In The Matter Of Keirsten Klatch An Attorney At Law
Argued: October 18, 2018
Hillary K. Horton appeared on behalf of the Office of
Respondent's counsel waived appearance for oral argument.
A. Brodsky Chief Counsel
C. FROST, CHAIR
Honorable Chief Justice and Associate Justices of the Supreme
Court of New Jersey.
matter was before us on a motion for reciprocal discipline,
filed by the Office of Attorney Ethics (OAE), pursuant to
IL 1:20-14, following the Supreme Court of
Florida's March 9, 2017 imposition of a three-year
suspension, retroactive to June 16, 2016, the effective date
of respondent's suspension for contempt of court, by
failing to comply with a subpoena issued by The Florida Bar.
The three-year suspension was based on respondent's
conditional guilty plea for consent judgment in which she
admitted having violated the following Rules Regulating
the Florida Bar: 4-1.2(a) (requiring a lawyer to abide
by a client's decisions); 4-1.4(a) (informing a client of
the status of the representation); 4-8.4(a) (violating or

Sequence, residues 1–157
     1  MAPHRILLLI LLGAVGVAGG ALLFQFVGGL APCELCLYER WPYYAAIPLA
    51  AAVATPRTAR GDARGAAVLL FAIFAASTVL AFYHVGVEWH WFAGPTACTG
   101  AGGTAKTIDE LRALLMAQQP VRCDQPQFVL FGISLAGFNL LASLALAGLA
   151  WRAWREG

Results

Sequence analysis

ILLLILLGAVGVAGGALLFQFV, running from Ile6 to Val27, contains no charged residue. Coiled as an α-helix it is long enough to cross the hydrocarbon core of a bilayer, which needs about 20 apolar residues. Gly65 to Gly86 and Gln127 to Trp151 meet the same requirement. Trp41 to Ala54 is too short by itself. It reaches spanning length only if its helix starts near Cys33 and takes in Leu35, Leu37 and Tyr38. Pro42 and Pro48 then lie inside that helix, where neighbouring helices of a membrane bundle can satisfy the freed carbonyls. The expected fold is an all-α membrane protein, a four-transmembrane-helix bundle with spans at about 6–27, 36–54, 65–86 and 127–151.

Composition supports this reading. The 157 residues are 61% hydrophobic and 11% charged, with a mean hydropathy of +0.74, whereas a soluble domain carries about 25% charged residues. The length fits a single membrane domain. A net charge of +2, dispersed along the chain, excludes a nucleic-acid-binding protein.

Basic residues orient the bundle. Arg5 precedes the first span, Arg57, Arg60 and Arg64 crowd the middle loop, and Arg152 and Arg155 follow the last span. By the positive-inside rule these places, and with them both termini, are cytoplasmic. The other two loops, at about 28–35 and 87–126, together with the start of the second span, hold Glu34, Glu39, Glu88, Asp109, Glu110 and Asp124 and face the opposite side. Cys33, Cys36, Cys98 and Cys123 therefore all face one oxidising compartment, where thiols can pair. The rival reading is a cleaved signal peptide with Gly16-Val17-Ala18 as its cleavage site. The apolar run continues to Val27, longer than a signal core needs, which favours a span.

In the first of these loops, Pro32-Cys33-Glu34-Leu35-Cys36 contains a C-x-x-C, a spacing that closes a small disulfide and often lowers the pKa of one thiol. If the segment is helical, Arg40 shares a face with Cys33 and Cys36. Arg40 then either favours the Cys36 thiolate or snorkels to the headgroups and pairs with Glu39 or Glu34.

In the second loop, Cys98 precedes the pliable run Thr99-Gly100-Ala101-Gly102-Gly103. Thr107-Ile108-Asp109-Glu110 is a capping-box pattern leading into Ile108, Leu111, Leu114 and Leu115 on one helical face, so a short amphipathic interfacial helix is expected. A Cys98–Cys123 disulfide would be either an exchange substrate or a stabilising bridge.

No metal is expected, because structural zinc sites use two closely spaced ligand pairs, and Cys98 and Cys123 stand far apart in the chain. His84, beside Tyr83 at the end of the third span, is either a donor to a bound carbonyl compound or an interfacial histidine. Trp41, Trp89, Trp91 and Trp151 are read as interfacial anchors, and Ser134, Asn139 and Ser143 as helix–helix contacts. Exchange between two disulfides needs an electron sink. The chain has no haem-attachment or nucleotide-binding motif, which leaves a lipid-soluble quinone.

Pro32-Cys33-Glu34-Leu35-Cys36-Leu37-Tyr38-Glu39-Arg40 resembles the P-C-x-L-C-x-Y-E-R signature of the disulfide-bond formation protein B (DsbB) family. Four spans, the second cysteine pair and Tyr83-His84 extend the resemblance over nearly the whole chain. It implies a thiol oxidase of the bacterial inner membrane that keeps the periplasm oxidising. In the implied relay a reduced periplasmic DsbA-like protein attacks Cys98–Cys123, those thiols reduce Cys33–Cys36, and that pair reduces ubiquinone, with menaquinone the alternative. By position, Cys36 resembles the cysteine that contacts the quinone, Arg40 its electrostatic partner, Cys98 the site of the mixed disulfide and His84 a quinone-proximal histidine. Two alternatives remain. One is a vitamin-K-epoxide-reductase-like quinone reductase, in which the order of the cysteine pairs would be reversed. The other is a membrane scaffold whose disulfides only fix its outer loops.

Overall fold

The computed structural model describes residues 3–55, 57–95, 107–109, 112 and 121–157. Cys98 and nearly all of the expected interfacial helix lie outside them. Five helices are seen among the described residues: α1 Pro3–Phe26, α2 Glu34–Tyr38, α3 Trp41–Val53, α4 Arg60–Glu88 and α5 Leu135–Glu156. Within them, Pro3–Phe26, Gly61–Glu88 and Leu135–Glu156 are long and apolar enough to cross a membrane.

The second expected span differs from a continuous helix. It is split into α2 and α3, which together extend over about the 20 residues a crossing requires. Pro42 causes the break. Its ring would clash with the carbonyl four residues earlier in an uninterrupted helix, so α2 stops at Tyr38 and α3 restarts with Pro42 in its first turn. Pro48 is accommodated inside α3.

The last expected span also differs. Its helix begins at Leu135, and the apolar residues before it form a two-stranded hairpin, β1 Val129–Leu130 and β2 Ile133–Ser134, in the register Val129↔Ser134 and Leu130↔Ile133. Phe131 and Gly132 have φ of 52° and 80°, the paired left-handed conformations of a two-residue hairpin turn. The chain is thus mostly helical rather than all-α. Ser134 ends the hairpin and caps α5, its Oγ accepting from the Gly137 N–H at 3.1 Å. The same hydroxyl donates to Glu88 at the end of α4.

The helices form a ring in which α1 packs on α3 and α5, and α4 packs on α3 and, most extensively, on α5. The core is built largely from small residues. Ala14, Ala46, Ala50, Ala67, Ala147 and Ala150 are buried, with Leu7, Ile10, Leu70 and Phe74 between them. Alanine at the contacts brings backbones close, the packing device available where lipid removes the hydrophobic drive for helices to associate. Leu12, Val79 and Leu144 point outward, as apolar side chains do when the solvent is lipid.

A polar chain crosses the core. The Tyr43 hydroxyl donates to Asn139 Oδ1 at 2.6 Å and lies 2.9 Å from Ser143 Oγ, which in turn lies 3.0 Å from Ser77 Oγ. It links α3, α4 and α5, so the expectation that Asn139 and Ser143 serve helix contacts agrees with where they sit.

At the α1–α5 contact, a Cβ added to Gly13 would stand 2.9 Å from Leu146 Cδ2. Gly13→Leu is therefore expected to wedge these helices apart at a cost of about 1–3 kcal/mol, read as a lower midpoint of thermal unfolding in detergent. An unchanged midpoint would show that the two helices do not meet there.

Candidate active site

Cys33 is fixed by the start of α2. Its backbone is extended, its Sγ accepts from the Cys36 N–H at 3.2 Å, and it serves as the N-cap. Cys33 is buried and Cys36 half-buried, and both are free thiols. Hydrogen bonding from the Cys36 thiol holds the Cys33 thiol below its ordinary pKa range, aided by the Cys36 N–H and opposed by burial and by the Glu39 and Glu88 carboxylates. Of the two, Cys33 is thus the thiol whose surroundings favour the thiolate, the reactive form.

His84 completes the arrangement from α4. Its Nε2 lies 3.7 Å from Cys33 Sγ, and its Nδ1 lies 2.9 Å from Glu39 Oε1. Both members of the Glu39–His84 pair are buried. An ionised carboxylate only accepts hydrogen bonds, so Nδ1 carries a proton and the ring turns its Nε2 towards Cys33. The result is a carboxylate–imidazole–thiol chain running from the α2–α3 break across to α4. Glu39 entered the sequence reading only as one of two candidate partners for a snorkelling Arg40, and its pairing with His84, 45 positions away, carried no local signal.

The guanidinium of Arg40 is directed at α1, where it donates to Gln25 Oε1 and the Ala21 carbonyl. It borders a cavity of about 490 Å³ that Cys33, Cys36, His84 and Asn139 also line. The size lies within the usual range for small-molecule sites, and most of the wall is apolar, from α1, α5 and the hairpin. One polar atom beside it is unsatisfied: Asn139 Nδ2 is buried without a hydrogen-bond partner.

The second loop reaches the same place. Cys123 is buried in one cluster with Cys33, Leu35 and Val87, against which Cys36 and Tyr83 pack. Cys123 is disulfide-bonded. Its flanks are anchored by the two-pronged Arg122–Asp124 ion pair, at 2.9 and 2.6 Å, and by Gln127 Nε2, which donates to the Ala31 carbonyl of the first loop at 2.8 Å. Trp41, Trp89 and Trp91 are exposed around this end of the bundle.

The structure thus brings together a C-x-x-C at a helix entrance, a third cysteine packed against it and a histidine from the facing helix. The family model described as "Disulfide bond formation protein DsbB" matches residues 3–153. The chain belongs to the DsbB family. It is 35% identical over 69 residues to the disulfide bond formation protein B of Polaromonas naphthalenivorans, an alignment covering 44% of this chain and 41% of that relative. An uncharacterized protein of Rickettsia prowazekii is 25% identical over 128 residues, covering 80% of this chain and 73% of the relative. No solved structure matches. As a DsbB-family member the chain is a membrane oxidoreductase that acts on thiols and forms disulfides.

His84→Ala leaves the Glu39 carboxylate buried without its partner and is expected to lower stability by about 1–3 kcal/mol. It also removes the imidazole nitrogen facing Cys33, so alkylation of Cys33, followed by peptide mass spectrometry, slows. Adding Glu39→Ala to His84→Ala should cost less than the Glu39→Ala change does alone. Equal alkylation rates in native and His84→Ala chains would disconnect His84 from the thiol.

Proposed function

attempting to violate the Rules of Professional Conduct),
4-8.4(c) (conduct involving dishonesty, fraud, deceit or
misrepresentation), 4-8.4(g) (failing to respond to a
disciplinary agency), 5-1.1 (a) (failure to hold in trust,
separate from the lawyer's own property, funds and
property of clients or third persons that are in the
lawyer's possession in connection with a representation),
5-1.1(b) (application of trust funds or property to specific
purpose), and 5-1.2(b) (minimum trust accounting records).
above Florida Rules correspond to the following New Jersey
RPCs: 1.2(a) (abiding by a client's decisions
concerning the scope and objectives of the representation);
1.4(b) (keeping the client reasonably informed about the
status of a matter); 8.4(a) (violating, or attempting to
violate, the RPCs); 8.1(b) (failure to cooperate
with disciplinary authorities); 8.4(c) (conduct involving
dishonesty, fraud, deceit or misrepresentation); 1.15(a)
(failure to safeguard funds and commingling); and 1.15(d)
(recordkeeping violations). No New Jersey RPC
corresponds to Florida Rule 5-1.1(b). In addition, although
Florida did not charge a violation of RPC 1.8(a)
(business transaction with client), the OAE found the facts
to fall within that Rule and, therefore, included it
as a charged violation.
for respondent has filed a motion to supplement the record
with documents that were not part of the Florida record,
discussed in more detail below. The OAE does not object to